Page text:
Someone who barely escaped 2014 is in no place to make resolutions for 2015.
I don’t have the optimism or sense of self-efficacy for January goals, and experience reminds me they fail by March, anyway.
I just look at 2014 and I think:
Dear God, I gotta do that better.
I can’t do another year like the last one. I’m embarrassed to say it, but that one was marked by despair.
And I want 2015 to be a year of Hope.
I feel like I just met Hope last year, and I want to get to know it a little better.
It’s not about “getting organized” or setting a new workout regimen. If I’m going to take what I learned from the mess of last year and move forward, I’m going to have to go big:
1. I have to put myself out there.
I had a friend who used to say “nothing happens if you don’t put yourself out there.” She used that to gear herself up for dates she feared would be lousy. She said “It doesn’t make bad dates any better, but you have to do it.” I thought she was nuts.
But I see now I was hiding behind false wisdom. I thought I could outsmart risk and heartache.
This is a real problem for smart girls. We think we can arrange, predict, analyze, and guarantee ourselves smooth sailing with our calculations and caution.
Life happens anyway.
If I’m not willing to risk getting it wrong or actually failing, if I’m not willing to bank on another person’s decency and be vulnerable, then I lose–not because something was taken from me, but because I’ve besieged myself behind my own walls of self-preservation and false certainty about the future.
In 2014, I did that more than ever. I took contracts I didn’t think I could handle; I let relationships form and run their course; I left questions unanswered. It was terrifying and grueling and it may not have changed my circumstances, but it changed me.
I don’t know what will happen next. But I do know that if I do what I’ve always done, I’ll get what I’ve always gotten.
2. I have to stop asking permission.
No one is going to tell me it’s ok to do what I love and be who I need to be.
No. One. Can.
No one is going to give me permission to write that, to wear that, to make that, to minister there, to go out with him, to leave early, to stay late. I have to do this myself.
If I am going to do and be what I love, I have to stop waiting for affirmation as a green light–if I do things right, it isn’t coming. I used to think what I did wasn’t worth anything if someone else didn’t care as much about it as I did, if someone else didn’t love it like I do. I falter as a writer because I’m waiting on recognition. If people don’t recognize its importance, it must not matter. I wouldn’t speak up or press in when I felt alone. I took being alone in something as a sign that I was doing the wrong thing.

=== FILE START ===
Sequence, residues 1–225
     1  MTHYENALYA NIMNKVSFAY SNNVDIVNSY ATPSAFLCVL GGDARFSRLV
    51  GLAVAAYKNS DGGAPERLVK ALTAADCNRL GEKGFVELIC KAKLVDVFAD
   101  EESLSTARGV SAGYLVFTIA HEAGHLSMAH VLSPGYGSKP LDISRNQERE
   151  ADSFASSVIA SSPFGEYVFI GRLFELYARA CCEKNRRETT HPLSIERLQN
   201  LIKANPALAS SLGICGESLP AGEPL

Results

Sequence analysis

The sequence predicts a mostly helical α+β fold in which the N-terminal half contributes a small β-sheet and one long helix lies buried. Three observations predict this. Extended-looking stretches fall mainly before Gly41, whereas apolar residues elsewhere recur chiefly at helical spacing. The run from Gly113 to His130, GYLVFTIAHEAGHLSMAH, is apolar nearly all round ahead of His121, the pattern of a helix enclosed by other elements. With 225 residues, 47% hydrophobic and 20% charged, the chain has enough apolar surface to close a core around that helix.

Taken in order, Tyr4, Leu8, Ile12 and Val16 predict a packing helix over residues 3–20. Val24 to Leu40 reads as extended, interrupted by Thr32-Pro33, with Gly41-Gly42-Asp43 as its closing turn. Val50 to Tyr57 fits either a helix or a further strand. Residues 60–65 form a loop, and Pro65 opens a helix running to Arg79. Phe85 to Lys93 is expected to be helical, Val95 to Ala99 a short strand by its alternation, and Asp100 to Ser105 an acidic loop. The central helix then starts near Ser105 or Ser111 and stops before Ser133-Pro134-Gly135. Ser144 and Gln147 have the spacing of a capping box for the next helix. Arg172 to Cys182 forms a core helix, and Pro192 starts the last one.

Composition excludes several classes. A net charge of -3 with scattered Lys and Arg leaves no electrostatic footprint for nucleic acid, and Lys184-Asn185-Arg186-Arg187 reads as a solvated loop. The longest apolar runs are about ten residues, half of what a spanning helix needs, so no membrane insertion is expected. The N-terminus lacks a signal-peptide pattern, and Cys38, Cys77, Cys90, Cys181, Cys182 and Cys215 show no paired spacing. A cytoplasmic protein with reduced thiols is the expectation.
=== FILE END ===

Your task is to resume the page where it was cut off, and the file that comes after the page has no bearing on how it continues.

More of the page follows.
Goodbye to all that.
It’s not about rejecting community, it’s about not living slave to approval.
3. I must fight Envy full time.
No one told me how prone writers are to envy. Ugh. I see a blog post go viral, and I think, “Now why is THAT viral? I could have written that! or “I wrote a better one!”
I am so tired of feeling like “I could have written that”.
I am so tired of asking “Why does she get to do that? Why can’t I have that kind of success?” I used to think that was a sign I was supposed to write. No. It’s a sign that I’m giving in to self-defeat and delusions of grandeur at the same time. It’s ugly and unhelpful.
The other day, I was with my friend, the Rockstar, in a bookshop. I picked up a book by an Author in whose genre I write (if any) and whined, “How come SHE gets to be HER?” I was “outraged” by some injustice and “resented” a total stranger. He said, “I feel like that all the time–when someone’s record makes it big or when a pastor has a bigger church than I do. God gives us each different graces.”
Oh. I’m not special. I’m not uniquely afflicted by a Universe that has overlooked my extraordinary talent. I’m envious. And ridiculous. I need to shut up and get to work.
Which reminds me….
4. I need to do what I can when I can.
There are a lot of things unhealed, un-restored, un-repaired, after 2014. I’m still living in the rubble. I learned first-hand how little control I have over how things turn out.
But I always have something to do. And when I don’t even do that, then that’s on me. That’s my fault. Sometime this summer I came across the story in my reading where the Disciples healed a man who had been lame from birth. It wasn’t his fault that he couldn’t walk. The disciples asked, “Do you want to walk?” And when the lame man said yes, they said, “Then pick up your bed and do it.”
Can I fix my career, my finances, my relationships, my ministry, my whatever right now?
No. But I can go make my bed.
5. I must choose to believe the Truth.
The writer of Hebrews explains that “Faith is being sure of what you hope for and certain of what you cannot see.” That kind of surety and certainty is a gift, and God grants it as we ask and as we need it.
But on my bad days? I’ve chosen to ignore what measure I’ve already been given.
Belief is a choice. I have to choose to embrace what I’ve already seen to be true. Despite what God and others have said, I still reject the truth. Believing I’m worthy, believing I have anything to offer, believing I belong, believing I’m loved, believing I’m beautiful–these are all really, really hard. It takes courage to keep at it, to believe that small daily actions over time make a big difference.
I have already decided some things are true. Now I just have to discipline myself to live like it’s true whether I feel the truth of it or not.
Belief takes practice, and maybe, over time, living into the truth will seem less daunting.
Faith and revelation may be gifts, but belief is a choice and I have to make it. And remind myself I did.
Hope isn’t an accident. It comes when I practice courage, confidence, humility, diligence, and belief.
If 2015 is going to be the year of Hope, I have work to do.